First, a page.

Construction season in Whitefish is off to a busy start, both in projects breaking ground and proposals working their way out of the idea stage into the building phase.
From a new food bank and several commercial expansions to proposals for an apartment complex and downtown hotel, the city is continuing to move well past the construction woes of the recession. While some of the projects may never get fully approved, the scope and number of building plans give credence to the notion of growing confidence in the economy.
The activity is apparent across the board, with the notable exception of subdivisions, which remain sluggish. New single-family residential construction is robust and city planning officials believe it could end up close to 2006 levels, during the height of the housing boom before the market crashed. The planning department says the homes are in both expensive and more modest neighborhoods.
A major reconstruction of Whitefish High School is underway, as is the construction of a new North Valley Food Bank on Flathead Avenue near the Wave Aquatic and Fitness Center. In April, crews broke ground on an expansion at North Valley Hospital that will house surgical services.
Two major downtown commercial projects could also be on the horizon for this summer. Plans are emerging for a multi-story development at the vacant corner of Baker Avenue and Second Street across from City Hall. The development would include commercial retail on the ground level and condos or apartments above, according to the planning department.
The other major downtown proposal is an $11.9 million boutique hotel on the block at Third Street and Spokane Avenue commonly called Block 46. The development, as proposed by Orlan Sorensen, would encompass the entire block and include a three-story hotel with 80 rooms. The project will go before the planning board in June. Sorensen hopes to break ground this summer.
At a May 16 meeting, the Whitefish city-county planning board approved an addition for the Wave Aquatic and Fitness Center and a proposal from Ryan Zinke to turn a residence on West Second Street into a bed and breakfast. The board tabled a plan for a 150-unit apartment complex on East Second Street.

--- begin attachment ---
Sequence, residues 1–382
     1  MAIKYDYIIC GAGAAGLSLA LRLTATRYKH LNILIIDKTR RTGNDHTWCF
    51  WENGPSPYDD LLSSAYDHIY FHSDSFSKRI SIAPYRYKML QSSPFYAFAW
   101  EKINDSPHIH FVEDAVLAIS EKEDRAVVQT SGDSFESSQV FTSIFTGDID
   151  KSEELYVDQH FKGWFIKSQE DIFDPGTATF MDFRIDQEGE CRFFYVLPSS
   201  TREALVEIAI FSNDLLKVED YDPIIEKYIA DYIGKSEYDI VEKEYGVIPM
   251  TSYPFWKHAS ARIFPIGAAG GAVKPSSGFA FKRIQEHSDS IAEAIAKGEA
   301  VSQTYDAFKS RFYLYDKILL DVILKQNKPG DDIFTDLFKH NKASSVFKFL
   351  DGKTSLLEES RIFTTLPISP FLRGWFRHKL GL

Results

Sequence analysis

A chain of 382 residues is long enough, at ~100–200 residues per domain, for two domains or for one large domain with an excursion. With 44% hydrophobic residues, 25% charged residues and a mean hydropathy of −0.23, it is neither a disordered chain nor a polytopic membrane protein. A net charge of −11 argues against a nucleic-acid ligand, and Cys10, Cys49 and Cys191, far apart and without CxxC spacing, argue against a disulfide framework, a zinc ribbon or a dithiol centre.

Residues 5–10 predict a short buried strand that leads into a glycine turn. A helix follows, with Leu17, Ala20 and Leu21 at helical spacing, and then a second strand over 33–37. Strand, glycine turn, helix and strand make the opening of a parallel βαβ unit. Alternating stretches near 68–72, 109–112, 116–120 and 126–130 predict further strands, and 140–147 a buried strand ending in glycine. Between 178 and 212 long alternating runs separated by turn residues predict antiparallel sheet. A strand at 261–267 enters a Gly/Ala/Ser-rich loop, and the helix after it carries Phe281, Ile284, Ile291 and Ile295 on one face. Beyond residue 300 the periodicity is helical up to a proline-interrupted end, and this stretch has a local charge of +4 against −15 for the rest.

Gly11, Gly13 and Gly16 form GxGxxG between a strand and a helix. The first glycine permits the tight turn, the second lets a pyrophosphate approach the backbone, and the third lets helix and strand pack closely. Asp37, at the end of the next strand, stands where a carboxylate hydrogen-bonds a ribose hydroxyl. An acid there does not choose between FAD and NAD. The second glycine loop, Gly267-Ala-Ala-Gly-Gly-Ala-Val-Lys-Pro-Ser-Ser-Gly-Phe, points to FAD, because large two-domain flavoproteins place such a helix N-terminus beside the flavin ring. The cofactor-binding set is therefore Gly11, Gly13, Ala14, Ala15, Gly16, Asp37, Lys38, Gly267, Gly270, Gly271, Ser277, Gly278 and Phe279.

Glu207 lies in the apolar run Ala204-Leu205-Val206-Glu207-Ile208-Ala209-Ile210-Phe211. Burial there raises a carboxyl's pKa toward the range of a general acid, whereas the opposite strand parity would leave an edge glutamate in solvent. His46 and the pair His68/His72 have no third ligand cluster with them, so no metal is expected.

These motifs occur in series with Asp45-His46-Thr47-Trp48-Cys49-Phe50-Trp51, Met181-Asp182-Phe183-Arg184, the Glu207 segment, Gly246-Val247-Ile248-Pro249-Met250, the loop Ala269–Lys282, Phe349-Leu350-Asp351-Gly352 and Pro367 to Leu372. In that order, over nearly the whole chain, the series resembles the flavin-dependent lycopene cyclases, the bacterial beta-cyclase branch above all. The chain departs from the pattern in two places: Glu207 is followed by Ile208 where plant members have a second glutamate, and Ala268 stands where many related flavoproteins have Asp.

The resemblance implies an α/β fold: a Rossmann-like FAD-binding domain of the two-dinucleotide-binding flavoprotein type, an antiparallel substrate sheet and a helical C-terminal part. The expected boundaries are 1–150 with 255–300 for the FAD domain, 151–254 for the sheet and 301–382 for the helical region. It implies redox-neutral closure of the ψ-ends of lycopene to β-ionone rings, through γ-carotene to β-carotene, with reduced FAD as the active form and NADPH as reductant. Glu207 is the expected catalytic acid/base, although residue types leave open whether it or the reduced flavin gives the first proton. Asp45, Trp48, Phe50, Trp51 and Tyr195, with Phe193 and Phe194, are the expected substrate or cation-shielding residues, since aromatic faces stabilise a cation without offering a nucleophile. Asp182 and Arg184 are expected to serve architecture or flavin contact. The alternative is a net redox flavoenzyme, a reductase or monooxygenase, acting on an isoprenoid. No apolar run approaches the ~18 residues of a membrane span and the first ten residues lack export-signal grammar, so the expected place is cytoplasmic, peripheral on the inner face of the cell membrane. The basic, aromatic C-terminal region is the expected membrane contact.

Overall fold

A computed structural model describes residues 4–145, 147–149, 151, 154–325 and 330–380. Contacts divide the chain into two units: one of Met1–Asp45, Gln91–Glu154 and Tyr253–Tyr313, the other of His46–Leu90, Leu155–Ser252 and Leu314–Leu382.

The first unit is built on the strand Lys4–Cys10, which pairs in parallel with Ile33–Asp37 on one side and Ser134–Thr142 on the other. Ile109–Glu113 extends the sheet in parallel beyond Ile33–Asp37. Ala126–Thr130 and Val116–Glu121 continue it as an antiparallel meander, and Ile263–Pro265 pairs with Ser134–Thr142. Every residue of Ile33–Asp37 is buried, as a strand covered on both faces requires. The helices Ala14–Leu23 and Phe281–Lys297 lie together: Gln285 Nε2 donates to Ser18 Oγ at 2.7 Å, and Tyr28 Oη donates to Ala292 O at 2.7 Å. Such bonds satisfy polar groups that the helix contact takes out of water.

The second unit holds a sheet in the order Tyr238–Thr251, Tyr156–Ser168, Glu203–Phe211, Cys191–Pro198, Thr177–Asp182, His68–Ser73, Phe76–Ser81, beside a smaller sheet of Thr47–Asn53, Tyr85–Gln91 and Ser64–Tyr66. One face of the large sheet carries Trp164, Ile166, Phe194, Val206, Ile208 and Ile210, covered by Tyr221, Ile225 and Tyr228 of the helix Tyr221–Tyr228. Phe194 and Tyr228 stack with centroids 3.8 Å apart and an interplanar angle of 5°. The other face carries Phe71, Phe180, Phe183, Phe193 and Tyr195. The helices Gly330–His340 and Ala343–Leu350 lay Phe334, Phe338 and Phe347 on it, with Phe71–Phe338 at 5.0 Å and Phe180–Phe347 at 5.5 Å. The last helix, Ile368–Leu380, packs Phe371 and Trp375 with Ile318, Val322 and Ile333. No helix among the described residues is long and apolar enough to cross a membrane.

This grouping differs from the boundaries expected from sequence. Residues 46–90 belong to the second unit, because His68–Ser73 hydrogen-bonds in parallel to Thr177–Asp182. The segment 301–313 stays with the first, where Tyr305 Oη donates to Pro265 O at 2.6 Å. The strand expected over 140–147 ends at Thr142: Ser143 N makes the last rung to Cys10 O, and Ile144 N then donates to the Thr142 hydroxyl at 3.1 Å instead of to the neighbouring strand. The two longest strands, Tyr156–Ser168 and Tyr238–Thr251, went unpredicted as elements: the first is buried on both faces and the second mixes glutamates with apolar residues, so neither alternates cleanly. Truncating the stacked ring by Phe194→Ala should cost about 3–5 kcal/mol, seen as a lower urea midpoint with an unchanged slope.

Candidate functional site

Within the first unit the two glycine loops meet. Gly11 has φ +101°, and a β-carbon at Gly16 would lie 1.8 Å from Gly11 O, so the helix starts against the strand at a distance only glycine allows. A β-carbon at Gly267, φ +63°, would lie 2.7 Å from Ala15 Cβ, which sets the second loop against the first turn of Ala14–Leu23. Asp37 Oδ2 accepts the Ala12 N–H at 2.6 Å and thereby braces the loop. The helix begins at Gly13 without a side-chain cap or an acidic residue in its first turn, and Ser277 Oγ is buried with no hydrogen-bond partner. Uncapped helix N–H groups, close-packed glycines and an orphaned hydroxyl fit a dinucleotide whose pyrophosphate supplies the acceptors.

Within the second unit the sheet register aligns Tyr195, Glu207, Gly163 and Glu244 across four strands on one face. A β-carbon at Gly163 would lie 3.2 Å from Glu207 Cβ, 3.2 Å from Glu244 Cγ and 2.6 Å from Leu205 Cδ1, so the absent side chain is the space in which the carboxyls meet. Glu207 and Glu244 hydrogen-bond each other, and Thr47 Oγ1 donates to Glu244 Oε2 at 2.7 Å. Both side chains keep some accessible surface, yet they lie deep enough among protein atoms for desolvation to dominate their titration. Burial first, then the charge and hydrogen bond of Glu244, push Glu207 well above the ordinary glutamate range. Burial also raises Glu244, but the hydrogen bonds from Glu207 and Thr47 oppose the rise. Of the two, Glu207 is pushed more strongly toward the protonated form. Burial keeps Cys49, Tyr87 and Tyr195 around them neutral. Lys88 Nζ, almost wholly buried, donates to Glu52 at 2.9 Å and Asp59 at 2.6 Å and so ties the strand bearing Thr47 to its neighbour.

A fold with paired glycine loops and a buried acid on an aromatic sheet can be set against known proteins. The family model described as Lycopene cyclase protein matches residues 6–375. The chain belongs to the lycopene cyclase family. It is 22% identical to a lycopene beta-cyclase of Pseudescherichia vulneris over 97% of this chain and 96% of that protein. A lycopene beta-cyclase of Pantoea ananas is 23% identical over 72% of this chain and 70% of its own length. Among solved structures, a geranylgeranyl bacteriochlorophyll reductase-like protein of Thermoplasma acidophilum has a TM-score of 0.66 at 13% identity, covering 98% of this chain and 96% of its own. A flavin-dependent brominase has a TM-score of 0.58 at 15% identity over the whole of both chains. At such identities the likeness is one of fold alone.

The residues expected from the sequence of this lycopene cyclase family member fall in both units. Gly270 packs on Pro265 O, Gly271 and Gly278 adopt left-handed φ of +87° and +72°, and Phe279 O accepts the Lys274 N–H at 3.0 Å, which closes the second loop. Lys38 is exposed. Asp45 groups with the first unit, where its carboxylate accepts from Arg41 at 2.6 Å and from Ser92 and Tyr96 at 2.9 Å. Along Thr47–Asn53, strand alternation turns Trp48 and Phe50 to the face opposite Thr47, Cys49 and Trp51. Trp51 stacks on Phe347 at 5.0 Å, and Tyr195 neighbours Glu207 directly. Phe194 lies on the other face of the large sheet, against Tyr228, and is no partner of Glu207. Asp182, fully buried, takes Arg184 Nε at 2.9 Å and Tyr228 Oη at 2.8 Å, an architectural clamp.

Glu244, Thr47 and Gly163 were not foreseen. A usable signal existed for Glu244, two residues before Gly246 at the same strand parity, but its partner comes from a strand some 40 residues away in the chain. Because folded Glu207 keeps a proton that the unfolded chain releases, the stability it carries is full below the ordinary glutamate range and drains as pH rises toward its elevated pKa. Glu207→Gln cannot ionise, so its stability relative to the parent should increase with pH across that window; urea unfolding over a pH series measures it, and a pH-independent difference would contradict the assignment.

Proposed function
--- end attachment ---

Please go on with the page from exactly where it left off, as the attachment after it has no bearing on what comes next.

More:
The Wave is planning to build a 9,200-square-foot addition that would include a daycare center, party rooms, an aerobic room and a reorganization of the locker rooms. The project is slated for a public hearing and final action from the city council on June 3.
Zinke’s project is a modified version of his family’s earlier proposal to build both a bed and breakfast on Second Street and a microbrewery across the street. The proposal approved by the planning board last week only includes the bed and breakfast, called the Snowfrog Inn.
The Zinkes plan to convert their family’s historic replica carriage house at 409 West Second Street into an inn with six rooms for rent, as well as accommodations for a live-in manager and 10 off-street parking spaces. The city council will hold a hearing on the proposal at its June 3 meeting.
For the second time in two months, the planning board tabled a vote on the East Second Street apartment complex, which would be built in what’s currently an open field near the intersection of Second Street and Armory Road.
After the planning board first tabled the project in March, the developers went back to the drawing board and returned to the board last week with a scaled-down proposal. A number of neighbors again voiced concerns about the project and the board decided to table it for two more months to give the developers time to tweak it more.
The current 150-unit proposal, brought forth by Sean Averill and William MacDonald on behalf of Community Infill Partners, includes plans for 112 apartments in 10 buildings, nine attached condominiums in four buildings and 29 detached single-family home condominiums, according to planning department documents.
Also, crews are making progress on a reconstruction of U.S. Highway 93 in west Whitefish. That project, which kicked off in mid-April, will update old infrastructure, relieve traffic congestion and address safety issues for both drivers and pedestrians.
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